Bangladesh’s readymade garment industry, which today exports over USD 10 billion worth of garments, has radically changed the lives of millions of Bangladeshis. The garment factories provide direct employment to some three million people, most of whom are poor women for whom there were no formal jobs 30 years ago, and indirect support to millions more.The sector developed as the result of the 1974 Multi Fibre Arrangement (MFA). The first factories in Bangladesh were set up in the late 1970s as subcontractors to Hong Kong, Korean and other East Asian companies seeking to circumvent the export quotas which the MFA imposed on their own countries. These quotas served to create a lucrative niche for the Bangladeshi industry, one which Bangladeshi entrepreneurs quickly moved to fill. Large, modern factories were built on the outskirts of Dhaka and Chittagong, as well as in the government’s export promotion zones; firms both large and small found their order books full and their profit margins high.
However, in the early bonanza years there was little concern for, or understanding of issues, such as safety, workers’ rights, environmental pollution and productivity. Older, converted buildings often became death-traps for workers, when they caught fire or collapsed from the excess weight of the machines. Workers were expected to work whenever they were needed, for as long as they were needed, without reasonable breaks, overtime pay or days off. Polluting chemicals were simply dumped into gutters or rivers. Wastage was rife: when orders increased, extra machines and workers were simply added, with no thought given to efficient workflow processes, warehousing requirements or the economics of handling.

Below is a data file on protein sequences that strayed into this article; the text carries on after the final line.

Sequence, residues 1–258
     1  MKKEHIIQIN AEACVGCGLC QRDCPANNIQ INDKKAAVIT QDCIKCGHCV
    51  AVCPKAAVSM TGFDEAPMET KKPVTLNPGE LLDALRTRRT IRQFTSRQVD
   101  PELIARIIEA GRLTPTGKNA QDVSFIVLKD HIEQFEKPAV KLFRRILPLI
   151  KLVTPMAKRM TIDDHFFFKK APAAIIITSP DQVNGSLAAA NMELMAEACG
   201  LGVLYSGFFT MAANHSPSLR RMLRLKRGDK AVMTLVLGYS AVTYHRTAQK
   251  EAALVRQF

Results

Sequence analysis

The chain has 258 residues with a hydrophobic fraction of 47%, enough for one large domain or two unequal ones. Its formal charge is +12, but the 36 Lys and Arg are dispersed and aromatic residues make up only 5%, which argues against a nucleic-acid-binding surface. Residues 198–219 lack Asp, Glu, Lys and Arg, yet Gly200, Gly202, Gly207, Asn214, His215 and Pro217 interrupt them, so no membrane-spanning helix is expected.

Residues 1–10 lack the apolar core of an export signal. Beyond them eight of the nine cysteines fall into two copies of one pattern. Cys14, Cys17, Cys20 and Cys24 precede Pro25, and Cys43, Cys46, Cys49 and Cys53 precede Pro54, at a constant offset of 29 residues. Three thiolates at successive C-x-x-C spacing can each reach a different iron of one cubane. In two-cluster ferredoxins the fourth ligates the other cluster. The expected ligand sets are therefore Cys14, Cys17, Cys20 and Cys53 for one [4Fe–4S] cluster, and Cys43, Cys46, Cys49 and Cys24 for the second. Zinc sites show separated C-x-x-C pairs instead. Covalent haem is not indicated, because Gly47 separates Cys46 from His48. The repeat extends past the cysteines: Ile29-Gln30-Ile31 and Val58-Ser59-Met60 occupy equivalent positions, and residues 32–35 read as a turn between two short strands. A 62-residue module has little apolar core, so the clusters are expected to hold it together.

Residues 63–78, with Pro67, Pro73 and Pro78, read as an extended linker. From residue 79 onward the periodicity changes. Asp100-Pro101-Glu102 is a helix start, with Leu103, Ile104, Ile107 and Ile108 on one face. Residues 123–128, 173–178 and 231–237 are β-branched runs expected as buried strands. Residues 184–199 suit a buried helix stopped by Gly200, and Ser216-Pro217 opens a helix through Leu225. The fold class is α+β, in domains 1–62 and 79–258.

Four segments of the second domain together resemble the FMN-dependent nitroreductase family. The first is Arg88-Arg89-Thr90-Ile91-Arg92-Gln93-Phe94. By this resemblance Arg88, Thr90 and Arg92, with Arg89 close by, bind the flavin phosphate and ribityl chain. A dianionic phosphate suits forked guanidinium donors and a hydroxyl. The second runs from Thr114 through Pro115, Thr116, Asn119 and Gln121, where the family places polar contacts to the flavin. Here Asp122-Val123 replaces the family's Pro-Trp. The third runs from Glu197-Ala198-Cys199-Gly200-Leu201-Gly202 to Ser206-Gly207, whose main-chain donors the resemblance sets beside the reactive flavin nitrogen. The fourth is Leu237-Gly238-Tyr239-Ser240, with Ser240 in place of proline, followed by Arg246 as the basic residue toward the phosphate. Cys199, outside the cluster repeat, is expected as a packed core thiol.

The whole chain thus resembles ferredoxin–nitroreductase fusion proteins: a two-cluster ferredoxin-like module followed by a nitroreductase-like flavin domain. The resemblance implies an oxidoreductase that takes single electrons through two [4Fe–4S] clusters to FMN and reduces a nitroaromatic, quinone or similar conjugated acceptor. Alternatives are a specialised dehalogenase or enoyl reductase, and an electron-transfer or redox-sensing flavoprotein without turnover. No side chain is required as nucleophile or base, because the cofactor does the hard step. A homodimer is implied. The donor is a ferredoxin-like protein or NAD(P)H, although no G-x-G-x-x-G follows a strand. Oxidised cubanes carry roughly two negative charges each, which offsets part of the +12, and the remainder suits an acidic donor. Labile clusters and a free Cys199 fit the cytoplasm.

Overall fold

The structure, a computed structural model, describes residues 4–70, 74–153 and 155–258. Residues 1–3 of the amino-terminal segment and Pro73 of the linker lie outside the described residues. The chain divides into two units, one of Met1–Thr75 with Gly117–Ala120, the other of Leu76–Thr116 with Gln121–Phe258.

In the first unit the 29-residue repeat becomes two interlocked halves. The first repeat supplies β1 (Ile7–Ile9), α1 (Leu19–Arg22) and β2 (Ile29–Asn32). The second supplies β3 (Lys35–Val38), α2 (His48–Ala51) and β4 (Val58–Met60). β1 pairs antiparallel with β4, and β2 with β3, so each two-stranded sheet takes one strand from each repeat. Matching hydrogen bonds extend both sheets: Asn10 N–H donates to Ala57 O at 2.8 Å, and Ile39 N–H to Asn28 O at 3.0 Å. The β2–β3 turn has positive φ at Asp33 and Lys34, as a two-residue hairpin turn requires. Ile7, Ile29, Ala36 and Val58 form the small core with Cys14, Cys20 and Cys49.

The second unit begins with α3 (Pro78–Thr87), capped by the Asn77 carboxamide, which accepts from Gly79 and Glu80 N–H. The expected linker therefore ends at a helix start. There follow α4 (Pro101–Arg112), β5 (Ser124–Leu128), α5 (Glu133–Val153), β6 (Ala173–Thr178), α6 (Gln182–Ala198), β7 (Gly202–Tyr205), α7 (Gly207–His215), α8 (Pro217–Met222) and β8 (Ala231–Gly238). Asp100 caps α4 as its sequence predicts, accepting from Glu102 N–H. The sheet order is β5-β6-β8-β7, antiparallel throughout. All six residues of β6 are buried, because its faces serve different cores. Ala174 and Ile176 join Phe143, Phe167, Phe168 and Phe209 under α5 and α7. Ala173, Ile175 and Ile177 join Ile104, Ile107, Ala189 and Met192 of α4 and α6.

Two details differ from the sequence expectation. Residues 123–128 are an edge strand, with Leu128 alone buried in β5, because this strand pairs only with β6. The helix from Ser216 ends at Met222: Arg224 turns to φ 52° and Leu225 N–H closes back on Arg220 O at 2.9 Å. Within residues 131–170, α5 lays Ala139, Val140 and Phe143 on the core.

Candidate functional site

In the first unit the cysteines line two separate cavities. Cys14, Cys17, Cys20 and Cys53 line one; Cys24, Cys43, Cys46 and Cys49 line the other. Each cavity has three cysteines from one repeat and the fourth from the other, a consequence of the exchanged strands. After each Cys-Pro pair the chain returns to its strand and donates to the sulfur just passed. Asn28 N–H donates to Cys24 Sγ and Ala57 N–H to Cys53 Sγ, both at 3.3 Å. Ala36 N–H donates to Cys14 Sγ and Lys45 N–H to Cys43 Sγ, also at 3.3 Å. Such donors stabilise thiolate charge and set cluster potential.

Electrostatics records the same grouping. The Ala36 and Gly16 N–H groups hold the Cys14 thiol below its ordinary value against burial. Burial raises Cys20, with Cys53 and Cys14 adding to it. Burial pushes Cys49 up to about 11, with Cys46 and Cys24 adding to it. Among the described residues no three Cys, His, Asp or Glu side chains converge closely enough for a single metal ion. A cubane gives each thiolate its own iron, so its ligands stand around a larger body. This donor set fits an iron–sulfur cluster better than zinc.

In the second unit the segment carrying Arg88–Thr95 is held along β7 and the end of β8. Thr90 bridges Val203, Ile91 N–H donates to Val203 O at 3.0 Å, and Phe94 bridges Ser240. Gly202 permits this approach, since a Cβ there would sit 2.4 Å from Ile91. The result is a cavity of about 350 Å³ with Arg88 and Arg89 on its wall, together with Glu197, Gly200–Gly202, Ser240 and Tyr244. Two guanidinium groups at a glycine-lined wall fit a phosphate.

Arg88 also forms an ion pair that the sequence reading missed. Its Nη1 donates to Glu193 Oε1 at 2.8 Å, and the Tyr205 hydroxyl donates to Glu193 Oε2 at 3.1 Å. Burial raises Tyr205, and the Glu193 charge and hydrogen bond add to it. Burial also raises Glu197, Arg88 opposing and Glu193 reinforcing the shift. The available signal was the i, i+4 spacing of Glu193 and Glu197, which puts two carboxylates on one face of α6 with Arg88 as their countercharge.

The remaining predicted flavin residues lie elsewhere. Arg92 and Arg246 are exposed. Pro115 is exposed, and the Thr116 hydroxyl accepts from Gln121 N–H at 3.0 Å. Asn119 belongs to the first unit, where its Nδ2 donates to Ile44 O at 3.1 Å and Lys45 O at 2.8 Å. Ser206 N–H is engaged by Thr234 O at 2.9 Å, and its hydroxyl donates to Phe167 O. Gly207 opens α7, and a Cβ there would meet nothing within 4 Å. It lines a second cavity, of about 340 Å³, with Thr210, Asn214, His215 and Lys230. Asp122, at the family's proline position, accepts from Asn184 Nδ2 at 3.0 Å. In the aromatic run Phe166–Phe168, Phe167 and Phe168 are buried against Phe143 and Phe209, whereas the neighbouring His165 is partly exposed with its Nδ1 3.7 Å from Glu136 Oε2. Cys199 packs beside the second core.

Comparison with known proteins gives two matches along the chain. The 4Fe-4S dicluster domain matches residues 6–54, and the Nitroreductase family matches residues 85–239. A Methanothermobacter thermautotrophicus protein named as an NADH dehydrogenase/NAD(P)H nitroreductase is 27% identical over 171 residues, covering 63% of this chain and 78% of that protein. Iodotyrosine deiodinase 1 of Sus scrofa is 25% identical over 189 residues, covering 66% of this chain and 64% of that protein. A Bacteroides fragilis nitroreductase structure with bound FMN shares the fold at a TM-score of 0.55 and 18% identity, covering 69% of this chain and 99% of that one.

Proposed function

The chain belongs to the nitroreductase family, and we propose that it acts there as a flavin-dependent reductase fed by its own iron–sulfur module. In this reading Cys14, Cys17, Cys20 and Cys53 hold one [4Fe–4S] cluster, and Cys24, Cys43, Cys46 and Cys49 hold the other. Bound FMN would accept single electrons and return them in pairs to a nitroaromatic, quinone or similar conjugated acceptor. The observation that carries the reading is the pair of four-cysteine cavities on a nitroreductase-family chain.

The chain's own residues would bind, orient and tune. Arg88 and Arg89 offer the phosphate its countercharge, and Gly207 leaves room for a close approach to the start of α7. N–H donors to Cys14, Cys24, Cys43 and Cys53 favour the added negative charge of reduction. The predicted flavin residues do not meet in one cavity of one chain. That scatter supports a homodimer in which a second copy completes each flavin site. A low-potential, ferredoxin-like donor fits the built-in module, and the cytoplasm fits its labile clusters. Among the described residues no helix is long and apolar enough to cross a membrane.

Productivity and compliance with international social standards are high, and garments are produced in an environmentally sustainable manner.
Workable solutions are being developed in an inter-ministerial approach that includes all of the major players. Local suppliers, international buyers, non-governmental organisations, industrial associations and the relevant representatives of the government are all working together to introduce social and environmental standards, and models of arbitration. At the same time, the programme offers capacity building measures and promotes the use of innovative approaches. This is the only way for the industry to remain competitive in the long term, while maintaining humane social standards and environmentally sound production methods.
Training is offered for compliance inspectors with the Ministry of Labour and Employment, the Bangladesh Knitwear Manufacturers and Exporters Association (BKMEA), and the Bangladesh Garment Manufacturers and Exporters Association (BGMEA). The professional associations and state inspectors also address issues of occupational health and safety. For example, they are equipped with devices for measuring levels of noise and air pollution in factories.